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Int J Epidemiol. 1998 Aug;27(4):672-6.

Comparison of key informant and survey methods for ascertainment of childhood epilepsy in West Bengal, India.

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Neurosciences Unit, Institute of Child Health, University College London, UK.



This study aimed to compare efficacy and cost of key informants and survey for ascertainment of childhood epilepsy within a treatment context in rural India.


The study was set in a non-governmental, community programme for the functional and socioeconomic rehabilitation of children with disabilities in rural West Bengal, India. Ascertainment was by two methods: house-to-house survey of 15000 households and also by 430 key informants including village leaders, health workers and 670 schoolchildren. Methods were compared for positive predictive value, and sensitivity by capture-recapture technique. Ninety four children were enrolled into treatment. Predictors of treatment success were determined by multiple logistic regression analysis, giving adjusted odds ratios for remission. The costs of identifying one case and one treatment success were measured by costing personnel, materials and overheads.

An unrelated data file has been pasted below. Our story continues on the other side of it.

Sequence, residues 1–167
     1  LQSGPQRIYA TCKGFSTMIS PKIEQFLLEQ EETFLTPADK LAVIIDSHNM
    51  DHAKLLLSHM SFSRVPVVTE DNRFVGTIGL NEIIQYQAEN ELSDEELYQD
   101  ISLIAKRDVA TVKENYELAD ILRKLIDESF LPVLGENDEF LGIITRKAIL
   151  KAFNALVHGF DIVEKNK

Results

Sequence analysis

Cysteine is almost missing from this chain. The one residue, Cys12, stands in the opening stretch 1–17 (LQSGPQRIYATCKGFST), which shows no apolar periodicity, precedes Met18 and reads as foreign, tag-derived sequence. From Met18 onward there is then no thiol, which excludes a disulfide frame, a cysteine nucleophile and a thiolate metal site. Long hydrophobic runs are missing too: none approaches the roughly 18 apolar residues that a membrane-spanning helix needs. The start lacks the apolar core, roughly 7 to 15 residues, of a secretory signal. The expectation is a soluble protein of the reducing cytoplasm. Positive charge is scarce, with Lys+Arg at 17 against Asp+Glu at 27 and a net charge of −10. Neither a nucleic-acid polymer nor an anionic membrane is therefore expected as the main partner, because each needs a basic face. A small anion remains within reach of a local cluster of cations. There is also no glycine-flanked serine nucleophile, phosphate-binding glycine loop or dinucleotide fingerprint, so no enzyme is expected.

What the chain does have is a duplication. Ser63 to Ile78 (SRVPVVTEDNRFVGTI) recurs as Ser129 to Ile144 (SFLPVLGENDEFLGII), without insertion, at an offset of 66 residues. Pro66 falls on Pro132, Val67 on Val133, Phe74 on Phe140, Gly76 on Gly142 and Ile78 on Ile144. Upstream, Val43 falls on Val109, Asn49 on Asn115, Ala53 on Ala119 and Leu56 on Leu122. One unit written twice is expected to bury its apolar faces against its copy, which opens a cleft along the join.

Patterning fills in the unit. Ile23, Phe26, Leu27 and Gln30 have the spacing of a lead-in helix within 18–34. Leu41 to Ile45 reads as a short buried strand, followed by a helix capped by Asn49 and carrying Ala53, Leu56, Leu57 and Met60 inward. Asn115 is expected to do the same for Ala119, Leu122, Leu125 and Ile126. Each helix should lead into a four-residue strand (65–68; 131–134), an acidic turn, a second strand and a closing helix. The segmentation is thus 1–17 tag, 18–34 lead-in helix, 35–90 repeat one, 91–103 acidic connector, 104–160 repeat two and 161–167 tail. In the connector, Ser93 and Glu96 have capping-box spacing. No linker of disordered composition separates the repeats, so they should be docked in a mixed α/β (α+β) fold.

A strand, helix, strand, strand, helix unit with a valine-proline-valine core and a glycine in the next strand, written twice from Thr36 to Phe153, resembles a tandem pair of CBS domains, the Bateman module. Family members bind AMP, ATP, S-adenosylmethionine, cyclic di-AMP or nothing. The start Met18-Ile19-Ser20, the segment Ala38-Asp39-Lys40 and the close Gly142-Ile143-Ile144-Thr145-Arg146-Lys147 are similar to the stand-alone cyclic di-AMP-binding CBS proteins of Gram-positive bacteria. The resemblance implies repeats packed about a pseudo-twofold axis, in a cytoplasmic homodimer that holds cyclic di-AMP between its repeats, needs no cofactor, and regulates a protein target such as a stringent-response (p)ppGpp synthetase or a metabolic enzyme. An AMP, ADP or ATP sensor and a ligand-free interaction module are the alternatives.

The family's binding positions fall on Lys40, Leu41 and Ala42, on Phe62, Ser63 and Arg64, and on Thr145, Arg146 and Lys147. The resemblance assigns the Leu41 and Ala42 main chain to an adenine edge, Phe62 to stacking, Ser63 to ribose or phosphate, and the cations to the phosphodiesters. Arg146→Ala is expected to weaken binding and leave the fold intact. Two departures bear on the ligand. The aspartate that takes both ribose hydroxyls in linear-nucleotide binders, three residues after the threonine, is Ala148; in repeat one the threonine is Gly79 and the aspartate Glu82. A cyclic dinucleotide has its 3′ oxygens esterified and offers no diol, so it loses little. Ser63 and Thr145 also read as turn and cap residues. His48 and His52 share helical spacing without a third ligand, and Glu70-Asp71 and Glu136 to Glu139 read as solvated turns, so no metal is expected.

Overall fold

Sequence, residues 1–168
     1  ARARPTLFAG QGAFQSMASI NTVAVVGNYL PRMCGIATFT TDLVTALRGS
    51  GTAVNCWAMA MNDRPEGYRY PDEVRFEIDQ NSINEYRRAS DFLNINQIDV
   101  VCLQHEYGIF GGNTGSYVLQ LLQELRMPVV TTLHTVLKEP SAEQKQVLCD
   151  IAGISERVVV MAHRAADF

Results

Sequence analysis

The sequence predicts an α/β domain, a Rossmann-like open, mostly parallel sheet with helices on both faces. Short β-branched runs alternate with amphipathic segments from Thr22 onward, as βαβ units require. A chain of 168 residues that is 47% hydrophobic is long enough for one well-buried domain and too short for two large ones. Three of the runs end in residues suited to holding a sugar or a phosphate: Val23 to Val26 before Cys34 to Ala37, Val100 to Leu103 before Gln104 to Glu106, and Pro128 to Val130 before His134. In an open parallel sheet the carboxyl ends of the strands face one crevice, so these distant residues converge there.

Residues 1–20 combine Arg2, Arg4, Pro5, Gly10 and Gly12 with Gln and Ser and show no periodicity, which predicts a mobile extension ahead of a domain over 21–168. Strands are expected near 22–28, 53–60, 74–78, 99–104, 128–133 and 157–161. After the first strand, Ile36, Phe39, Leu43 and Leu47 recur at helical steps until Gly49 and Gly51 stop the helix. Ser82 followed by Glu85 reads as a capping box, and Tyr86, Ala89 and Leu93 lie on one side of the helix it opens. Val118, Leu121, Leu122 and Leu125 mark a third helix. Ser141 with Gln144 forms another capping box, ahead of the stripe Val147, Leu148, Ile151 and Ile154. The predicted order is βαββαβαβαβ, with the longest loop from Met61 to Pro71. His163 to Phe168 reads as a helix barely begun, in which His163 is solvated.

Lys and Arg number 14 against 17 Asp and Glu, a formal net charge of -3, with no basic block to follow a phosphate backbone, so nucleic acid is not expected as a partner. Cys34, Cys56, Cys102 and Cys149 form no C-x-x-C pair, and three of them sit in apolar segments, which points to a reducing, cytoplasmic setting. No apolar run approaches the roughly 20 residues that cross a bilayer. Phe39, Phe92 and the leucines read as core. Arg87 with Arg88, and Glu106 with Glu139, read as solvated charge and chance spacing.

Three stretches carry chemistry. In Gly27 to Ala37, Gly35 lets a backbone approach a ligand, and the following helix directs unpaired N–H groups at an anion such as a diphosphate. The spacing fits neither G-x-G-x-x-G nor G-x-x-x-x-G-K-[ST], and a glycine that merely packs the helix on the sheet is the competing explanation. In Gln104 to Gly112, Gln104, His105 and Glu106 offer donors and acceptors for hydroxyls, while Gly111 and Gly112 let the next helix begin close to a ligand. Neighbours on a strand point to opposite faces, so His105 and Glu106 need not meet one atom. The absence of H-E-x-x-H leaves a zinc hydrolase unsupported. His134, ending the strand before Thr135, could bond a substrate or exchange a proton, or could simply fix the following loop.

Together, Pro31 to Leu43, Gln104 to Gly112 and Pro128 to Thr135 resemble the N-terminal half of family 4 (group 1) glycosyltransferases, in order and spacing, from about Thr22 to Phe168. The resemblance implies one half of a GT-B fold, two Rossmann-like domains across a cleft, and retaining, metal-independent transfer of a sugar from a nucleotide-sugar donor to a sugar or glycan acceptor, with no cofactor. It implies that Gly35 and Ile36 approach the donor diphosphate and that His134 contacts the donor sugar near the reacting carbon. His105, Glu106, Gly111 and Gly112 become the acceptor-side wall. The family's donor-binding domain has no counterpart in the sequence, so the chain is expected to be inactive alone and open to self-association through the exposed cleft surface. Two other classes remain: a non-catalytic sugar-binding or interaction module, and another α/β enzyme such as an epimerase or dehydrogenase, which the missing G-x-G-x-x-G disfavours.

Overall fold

The survey was four times as sensitive as key informants although the positive predictive values were similar (36%, 40%). The survey had an absolute sensitivity of only 59%. Identification by key informants strongly predicted successful treatment outcome (odds ratio [OR] = 4.74, 95% confidence interval [CI] : 1.19-18.85). The cost of finding one case was US$11 and US$14, and of finding one successful treatment outcome US$35 and US$67 for informants and survey respectively. Key informants were essential in attaining longer term programme objectives.


In the context of a treatment programme, key informants were the more cost-effective method, but community involvement was traded against low sensitivity in the short term. Overall ascertainment costs were significant in the context of primary health care in India.


Epilepsy is the most important neurological problem in developing countries, with a total of 50 million people worldwide having the condition. 33 million of these cases are children in developing countries, of whom 90% are untreated. To determine the number of children with active epilepsy in a given developing country community, previous studies have either ascertained information directly from key informants in the community or through more broad-based two-stage surveys. Findings are reported from a study conducted in 46 villages of district 24 Parganas South, a rural district south of Calcutta, comparing the two approaches' sensitivity, efficacy, and costs. Village leaders, health workers, and students were interviewed as key informants, while house-to-house surveys were conducted in 15,000 households. The survey was 4 times as sensitive as the key informant approach, although the approaches had similar positive predictive values. The survey had an absolute sensitivity of 59%. Case identification by key informants strongly predicted successful treatment outcomes. The cost of finding 1 case was US$11 and US$14, and of finding one successful treatment outcome US$35 and US$67 for informants and survey, respectively. The use of key informants was essential to attaining longer-term program objectives.

[Indexed for MEDLINE]

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